Ornery’s wife writes… “Lead based (alkyd) paints must be disposed of differently…” Since 1978 lead-based and alkyd paint haven’t been the same. Prior to the 1980s, alkyd paints did contain large amounts of lead. In 1978 the US Consumer Product Safety Commission lowered the allowable level of lead in paint to .06% (considered trace amount). Of course house painters using paint bought before 1978 contained toxic levels of lead. Lead was used because it helped speed up the drying of linseed oil. As a pigment lead provided great coverage and slowed deterioration from fungus and mold.

    NB: In the 19th century, oil (mostly linseed) was used as the vehicle for paint. The yellowing of paints that contained oil was a key drawback, so it was a significant advance in the 1920’s when alkyd, a close cousin chemically, replaced oil used in paint. For more, see “Paint in America”, Roger Moss, ed.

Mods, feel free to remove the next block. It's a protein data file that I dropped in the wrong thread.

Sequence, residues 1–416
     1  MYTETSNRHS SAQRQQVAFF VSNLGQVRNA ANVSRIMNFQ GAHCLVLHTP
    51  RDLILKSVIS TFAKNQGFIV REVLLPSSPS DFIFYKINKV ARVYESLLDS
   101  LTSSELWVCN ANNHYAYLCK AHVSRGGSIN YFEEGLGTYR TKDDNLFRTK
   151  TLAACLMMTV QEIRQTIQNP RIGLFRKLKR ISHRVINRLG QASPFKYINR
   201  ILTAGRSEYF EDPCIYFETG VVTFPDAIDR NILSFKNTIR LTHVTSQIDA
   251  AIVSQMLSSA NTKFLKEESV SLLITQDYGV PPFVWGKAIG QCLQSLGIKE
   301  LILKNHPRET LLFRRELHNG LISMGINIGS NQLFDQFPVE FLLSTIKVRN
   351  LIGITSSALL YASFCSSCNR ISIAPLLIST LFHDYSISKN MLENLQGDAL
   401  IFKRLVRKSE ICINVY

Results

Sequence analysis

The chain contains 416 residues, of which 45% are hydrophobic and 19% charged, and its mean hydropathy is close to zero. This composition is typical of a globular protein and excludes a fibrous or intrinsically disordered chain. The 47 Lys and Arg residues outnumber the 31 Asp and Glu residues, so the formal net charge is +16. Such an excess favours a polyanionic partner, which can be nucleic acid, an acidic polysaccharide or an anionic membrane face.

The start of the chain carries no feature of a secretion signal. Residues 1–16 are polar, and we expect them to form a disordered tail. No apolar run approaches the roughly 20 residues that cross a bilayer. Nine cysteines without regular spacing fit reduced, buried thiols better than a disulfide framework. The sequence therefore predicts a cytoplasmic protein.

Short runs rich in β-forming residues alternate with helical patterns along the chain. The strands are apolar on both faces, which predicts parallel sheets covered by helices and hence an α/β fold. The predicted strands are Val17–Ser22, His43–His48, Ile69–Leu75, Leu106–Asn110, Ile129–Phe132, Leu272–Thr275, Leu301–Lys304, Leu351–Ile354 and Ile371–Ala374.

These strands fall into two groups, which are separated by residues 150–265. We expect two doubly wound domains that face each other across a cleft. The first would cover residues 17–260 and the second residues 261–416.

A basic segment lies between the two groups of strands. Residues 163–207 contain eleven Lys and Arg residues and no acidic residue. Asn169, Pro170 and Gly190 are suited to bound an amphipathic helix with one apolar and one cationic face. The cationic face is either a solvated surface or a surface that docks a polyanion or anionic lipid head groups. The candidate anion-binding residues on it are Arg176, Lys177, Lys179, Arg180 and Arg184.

15. posted by Melissa on

    I am really surprised that no one has said my favorite idea for storing paint. I always keep a little of the extra paint around for touch-ups from scratches and to paint room accents.

    Glass food jars. Sure you could recycle them, but you bought them. They’re strong and they seal well. Jelly jars, PB jars, pasta sauce, baby food and more. They’re great because you can see the colors and you can easily dip a small brush in then re-seal. Just run them through the dishwasher to get them good and clean. If you crave consistency on your shelves you can use canning jars.

    I also use them to store left over nails and screws from projects (no sharp points can get through them). The empty paint cans are then free to be “project buckets” as described here: or for parts storage. For example we had some leftover hardware on a plumbing project that we keep for maintenance later.

    And of course, don’t forget to label everything. You’ll never regret it.

  16. posted by The Mommy Blawger on

    I have heard, though never tried it, that if you mix all your paint colors together, you will end up with a nice shade of brown which is suitable for painting the garage or the basement or some other utility area.